true confessions

I took my sister's child away from her

Monday, May 6, 2013
I took my sister's child away from her
"You've got to say something," I warned Sharon "I wouldn't leave James alone with him." Sharon looked ashamed and agreed that she'd talk to Peter about it. Six months later, Sharon was nearly drinking as much as him.

They say blood is thicker than water, and it's true. I've always been there for my nephew James, and our relationship is one of the things I'm most proud of in life. We've battled together through some tough times, and I'm so glad he's grown into such a confident young man.

If you met him today, you'd be surprised by what he has been through. James's father disappeared the moment he was born and his mother Sharon, my younger sister was left to care for him on her own. Only 19 when she fell pregnant, our family abandoned her, except for me.

We fell in love with James the minute he opened his eyes. Although Sharon was scared, she swore she'd do everything in her power to raise him "the right way". Unfortunately, those were just words. It's hard to pinpoint exactly when things began to crumble but I started to suspect Sharon was struggling.

She'd never have enough nappies and would let dirty dishes pile up for days. I reminded myself that this was probably typical for a first-time mum. I visited her and James twice a week and helped out with what I could. When James turned one, Sharon decided she would not return to work or study. I was shocked. Sharon had plans for university and now had no interest in getting that "serious job" she'd dreamed of. Then she met Peter, who was in his late 40s.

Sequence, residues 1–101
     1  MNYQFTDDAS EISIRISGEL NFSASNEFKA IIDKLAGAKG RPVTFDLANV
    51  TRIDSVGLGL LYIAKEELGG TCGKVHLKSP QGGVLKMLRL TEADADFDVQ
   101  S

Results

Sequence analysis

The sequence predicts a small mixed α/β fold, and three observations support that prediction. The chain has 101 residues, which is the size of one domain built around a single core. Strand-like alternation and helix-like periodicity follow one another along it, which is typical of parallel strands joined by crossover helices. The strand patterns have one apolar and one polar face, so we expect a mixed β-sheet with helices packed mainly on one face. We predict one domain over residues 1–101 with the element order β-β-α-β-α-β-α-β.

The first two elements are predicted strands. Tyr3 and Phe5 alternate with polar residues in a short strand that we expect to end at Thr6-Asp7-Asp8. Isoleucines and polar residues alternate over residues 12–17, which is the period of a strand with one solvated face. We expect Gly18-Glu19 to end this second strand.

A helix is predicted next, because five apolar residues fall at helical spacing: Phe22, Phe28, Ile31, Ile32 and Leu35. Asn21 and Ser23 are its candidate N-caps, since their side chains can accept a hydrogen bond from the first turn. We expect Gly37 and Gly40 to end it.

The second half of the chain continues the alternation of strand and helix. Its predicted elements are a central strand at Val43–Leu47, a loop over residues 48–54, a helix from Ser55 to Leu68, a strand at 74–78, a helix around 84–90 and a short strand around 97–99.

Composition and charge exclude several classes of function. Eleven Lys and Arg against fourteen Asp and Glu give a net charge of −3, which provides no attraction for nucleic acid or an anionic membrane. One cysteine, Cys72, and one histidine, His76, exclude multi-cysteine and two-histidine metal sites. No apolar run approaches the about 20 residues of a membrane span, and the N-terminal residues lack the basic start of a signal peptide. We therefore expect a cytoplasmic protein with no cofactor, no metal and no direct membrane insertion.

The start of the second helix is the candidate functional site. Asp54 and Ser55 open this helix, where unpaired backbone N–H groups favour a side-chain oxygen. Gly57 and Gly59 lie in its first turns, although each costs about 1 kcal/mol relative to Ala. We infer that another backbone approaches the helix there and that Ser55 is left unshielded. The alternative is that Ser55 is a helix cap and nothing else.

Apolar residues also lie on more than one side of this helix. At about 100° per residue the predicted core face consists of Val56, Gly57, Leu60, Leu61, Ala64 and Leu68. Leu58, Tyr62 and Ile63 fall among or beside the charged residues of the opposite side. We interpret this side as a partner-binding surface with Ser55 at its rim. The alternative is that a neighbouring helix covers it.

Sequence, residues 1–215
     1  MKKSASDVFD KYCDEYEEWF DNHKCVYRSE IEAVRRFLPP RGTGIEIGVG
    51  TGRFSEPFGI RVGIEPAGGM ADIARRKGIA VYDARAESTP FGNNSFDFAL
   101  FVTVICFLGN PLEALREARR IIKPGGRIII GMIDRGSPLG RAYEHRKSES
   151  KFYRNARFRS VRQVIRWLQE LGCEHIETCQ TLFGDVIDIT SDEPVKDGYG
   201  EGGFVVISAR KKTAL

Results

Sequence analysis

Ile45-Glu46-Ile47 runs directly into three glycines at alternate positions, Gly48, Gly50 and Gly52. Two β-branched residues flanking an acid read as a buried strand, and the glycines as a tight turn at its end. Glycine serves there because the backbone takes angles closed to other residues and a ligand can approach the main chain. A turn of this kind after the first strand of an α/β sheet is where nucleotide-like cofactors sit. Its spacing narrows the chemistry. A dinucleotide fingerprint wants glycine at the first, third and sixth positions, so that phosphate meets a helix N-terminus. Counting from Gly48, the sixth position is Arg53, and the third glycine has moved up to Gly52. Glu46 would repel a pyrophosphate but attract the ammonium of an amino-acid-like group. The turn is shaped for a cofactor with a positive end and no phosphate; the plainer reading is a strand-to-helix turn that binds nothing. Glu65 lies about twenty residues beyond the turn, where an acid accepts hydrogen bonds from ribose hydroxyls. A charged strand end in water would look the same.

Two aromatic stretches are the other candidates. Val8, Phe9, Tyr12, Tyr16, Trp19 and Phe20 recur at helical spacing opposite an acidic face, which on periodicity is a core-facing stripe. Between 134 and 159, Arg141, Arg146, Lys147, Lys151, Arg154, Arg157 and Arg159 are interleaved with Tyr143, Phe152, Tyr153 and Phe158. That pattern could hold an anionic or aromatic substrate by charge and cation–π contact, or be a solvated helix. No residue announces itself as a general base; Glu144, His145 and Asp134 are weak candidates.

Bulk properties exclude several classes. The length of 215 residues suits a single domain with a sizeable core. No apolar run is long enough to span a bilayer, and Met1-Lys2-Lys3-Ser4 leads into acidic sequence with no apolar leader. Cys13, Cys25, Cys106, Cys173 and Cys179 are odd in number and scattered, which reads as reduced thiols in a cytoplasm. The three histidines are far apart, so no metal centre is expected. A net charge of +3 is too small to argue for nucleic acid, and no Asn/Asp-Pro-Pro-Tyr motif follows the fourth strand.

From the outset, Peter made it very clear he had no interest in being a father to James; he'd already raised his kids. Sharon accepted this, and he moved in within a month of them meeting. Peter was also a heavy drinker, and that's when everything started to slide downhill. Peter parked himself on the couch for most of the day, chain-smoking and knocking back beers. Sometimes he was so spaced out he couldn't hear James crying just feet away.

"You've got to say something," I warned Sharon "I wouldn't leave James alone with him." Sharon looked ashamed and agreed that she'd talk to Peter about it. Six months later, Sharon was drinking nearly as much as him! They'd stay up all night and row; the police would arrive on their doorstep frequently. Now, I was visiting every day to make sure James was fed and changed.

I felt the situation was deteriorating by the day. Peter's friends visited at all hours of the night to drink and party. A cloud of thick cigarette smoke hung permanently over poor James's head. "This has to stop. You're not a teenager anymore, you’re a mother!" I yelled at my sister while collecting the pieces of a broken bottle off the floor. It broke my heart again and again.

Sharon called me one day and begged me to take James to see a doctor. Fortunately, the doctor said James was a little dehydrated but other than that, he was quite healthy. I was incredibly relived, but things had to change. "I want James to come live with me," I said to Sharon when I returned from the clinic, but it only made her angry. "You can't do any better! Look at you! You don't have any kids!" she hissed and kicked me out of her apartment.

I sat in the car and cried for over an hour. I'd never felt so helpless. For the next two weeks, I called Sharon every day and pleaded my case. She flat-out refused to let me even see James, and Peter threatened to "sort me out" if I ever showed up at their door. I was out of options and there was only one thing to do. I called the Department of Child Services. It was the most painful decision I'd ever had to make.

The reports from the police and the doctor helped my case, and James was placed in temporary foster care and, eventually, with me. Last I heard, Sharon and Peter were still together and they'd had a baby girl.

Sharon and I spoke briefly after James was placed in my care. She accused me of ruining her life. I feel sad for losing my sister, but I don't regret my decision. Now James is a stunning 17-year-old boy with dreams of university, just like his mother. And I'll continue to guide him, as I've done since day one, because that's what family is about.

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